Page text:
Make no mistake about it, Johnson and the other practitioners at the CenterPoint Project are the real deal. The organization personally screens every holistic healer, tarot card reader and numerologist who takes part in the Psychic and Holistic Healing Expo to ensure the highest professional quality. And Johnson can tell a lot just by looking at a face. (She learned the art from her boss at a headhunting service, which used the practice to screen candidates.) Your long-suffering calendar editor is organized and excels in managing people. We're a self-starter who meets deadlines but doesn't take direction well. Our upper eyelid is slightly obscured by a flap of skin. "That means you've got quite a bit of energy," she explains. In a troubling sign for us Gen-Xers, the goatee shows we hide our feelings from co-workers.
But what we really want to know is what's behind this nasty habit we have of chewing our nails. "Yeast," Johnson says cryptically. "You're prone to parasites. Stay away from salad bars."
Jenny Grier, who manages the project with her husband, Douglas, can draw hundreds of interested clients to an event like this, 75 percent of whom are women. Visitors can find oils, herbal remedies, a masseuse or a reflexologist at different booths and tents throughout the grounds. Heck, CenterPoint was doing tai chi and feng shui years before Hollywood celebs made it cool. The fair is a kind of sampler plate for the project's regular classes, a chance to test an ancient art, catch a lecture on spiritual attunement, or learn about your future.
"You're not happy with what you're doing," says numerologist and card reader Helen Shaner, a Filipino woman with poofy hair. "If you stay [where you work], it will take you a long time to grow. You have more talent than them." She sighs as she manipulates the numbers in our birthday. A bad sign: "You can't trust the people you work with. Some are the enemies from your past." This makes sense, considering all the people we killed as a soldier in the 15th century.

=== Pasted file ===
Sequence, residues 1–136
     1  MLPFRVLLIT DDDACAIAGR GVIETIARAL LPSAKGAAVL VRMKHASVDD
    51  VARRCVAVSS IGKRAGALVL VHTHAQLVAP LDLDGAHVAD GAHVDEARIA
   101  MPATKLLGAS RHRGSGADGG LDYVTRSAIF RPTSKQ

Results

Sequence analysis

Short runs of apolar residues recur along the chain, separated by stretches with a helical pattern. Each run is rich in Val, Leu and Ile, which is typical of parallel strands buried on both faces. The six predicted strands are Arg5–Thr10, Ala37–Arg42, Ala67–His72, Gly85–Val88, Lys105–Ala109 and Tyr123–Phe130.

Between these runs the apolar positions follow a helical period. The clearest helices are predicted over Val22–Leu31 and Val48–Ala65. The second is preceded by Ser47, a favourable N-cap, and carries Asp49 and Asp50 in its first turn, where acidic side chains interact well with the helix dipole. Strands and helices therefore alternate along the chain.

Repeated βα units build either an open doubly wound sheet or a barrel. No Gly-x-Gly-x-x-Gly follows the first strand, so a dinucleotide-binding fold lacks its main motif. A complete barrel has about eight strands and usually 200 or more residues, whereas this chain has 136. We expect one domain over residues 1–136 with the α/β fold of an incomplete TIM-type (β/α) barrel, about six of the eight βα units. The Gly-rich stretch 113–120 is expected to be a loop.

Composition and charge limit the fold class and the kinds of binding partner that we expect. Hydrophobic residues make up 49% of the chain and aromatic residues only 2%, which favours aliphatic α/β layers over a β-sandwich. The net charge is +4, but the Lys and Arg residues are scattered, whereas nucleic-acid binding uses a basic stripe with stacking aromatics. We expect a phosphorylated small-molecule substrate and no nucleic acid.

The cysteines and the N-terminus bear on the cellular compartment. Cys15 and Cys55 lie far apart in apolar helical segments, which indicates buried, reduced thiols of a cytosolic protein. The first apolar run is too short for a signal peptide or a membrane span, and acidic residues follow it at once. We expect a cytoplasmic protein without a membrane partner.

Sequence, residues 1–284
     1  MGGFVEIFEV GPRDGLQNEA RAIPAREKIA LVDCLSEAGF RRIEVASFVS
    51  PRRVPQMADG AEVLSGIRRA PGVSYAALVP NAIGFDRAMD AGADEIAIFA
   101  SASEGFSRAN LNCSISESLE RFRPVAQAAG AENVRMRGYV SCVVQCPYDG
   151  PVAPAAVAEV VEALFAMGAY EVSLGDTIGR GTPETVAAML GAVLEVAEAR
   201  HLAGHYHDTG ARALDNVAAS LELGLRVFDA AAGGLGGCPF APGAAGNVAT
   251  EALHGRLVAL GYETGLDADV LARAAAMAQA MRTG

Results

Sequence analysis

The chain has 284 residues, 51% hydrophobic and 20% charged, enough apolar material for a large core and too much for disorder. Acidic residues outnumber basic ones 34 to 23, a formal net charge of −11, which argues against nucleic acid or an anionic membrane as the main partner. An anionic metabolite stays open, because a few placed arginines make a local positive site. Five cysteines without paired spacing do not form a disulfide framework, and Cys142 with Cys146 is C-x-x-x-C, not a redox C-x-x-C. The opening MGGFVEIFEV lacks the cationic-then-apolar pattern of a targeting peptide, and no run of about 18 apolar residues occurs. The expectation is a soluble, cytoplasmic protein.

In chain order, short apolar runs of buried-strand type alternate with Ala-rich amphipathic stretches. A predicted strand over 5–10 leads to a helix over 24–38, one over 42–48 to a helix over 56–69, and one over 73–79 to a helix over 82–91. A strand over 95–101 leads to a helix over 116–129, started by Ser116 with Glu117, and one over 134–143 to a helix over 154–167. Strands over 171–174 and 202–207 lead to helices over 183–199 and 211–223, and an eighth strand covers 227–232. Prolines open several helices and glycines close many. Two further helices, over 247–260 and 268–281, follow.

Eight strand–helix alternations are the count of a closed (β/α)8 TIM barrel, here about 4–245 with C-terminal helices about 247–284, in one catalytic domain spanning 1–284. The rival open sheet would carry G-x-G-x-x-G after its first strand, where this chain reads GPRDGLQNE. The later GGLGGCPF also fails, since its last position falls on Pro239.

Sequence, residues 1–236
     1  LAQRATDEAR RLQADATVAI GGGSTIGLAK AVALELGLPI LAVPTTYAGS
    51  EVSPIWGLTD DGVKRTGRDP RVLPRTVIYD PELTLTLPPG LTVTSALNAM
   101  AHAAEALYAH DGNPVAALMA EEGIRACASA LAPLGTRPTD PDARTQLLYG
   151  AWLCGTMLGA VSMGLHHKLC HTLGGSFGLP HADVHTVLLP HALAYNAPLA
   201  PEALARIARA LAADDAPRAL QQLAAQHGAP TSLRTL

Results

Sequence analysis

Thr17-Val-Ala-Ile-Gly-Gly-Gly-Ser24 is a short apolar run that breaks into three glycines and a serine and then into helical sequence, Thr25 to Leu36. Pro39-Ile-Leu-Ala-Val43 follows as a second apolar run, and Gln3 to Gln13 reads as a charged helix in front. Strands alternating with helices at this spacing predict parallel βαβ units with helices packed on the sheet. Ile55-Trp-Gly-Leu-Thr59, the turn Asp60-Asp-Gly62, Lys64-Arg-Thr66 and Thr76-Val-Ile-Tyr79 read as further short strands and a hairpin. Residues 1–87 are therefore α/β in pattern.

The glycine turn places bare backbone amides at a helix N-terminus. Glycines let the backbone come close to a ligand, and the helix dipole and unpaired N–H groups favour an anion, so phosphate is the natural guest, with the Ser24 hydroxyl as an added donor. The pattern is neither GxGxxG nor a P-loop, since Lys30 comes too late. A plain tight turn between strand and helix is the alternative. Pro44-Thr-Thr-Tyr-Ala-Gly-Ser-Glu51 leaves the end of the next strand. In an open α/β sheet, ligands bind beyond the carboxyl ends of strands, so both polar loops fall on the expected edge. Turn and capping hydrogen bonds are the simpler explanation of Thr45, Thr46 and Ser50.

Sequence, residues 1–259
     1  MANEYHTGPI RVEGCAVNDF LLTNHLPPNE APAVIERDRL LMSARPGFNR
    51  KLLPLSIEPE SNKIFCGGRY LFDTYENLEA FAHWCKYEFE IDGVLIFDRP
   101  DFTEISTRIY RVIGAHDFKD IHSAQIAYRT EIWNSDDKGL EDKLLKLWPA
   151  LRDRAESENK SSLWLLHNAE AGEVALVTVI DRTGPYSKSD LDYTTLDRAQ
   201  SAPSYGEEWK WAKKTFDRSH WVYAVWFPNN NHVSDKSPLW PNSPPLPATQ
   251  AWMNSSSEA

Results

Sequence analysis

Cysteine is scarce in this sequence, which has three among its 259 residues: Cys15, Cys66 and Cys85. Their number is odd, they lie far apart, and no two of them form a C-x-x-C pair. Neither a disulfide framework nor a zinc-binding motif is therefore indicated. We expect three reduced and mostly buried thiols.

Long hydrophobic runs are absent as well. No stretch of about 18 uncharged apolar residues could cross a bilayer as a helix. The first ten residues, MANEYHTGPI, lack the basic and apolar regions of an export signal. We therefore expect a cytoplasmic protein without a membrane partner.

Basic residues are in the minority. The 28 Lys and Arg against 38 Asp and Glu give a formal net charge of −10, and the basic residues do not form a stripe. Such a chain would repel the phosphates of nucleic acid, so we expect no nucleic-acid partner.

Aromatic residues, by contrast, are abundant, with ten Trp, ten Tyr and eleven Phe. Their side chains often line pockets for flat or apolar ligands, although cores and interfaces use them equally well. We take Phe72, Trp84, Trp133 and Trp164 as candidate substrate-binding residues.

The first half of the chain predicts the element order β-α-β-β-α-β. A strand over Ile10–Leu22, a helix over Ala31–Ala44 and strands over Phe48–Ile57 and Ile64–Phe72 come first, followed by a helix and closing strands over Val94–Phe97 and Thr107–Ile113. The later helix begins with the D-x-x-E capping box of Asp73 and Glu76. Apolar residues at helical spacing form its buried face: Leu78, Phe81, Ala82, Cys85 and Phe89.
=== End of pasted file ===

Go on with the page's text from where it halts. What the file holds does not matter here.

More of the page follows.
Shaner feels her psychic gifts can do a lot of good. The people who come to her often don't have insurance for "legitimate" forms of psychotherapy, so they ask her instead whether they should leave their spouses. The project gets dozens of letters a month from people who feel its practitioners heal mind, body and spirit as well as anyone with a Ph.D. Then again, you could just show up to get your fortune read.
"You will buy a car in the next four months," Shaner says, tracing our fingers. She also reads palms. "A Jeep."
But what about this nasty habit we have of chewing our nails?
Shaner shrugs. "You get nervous."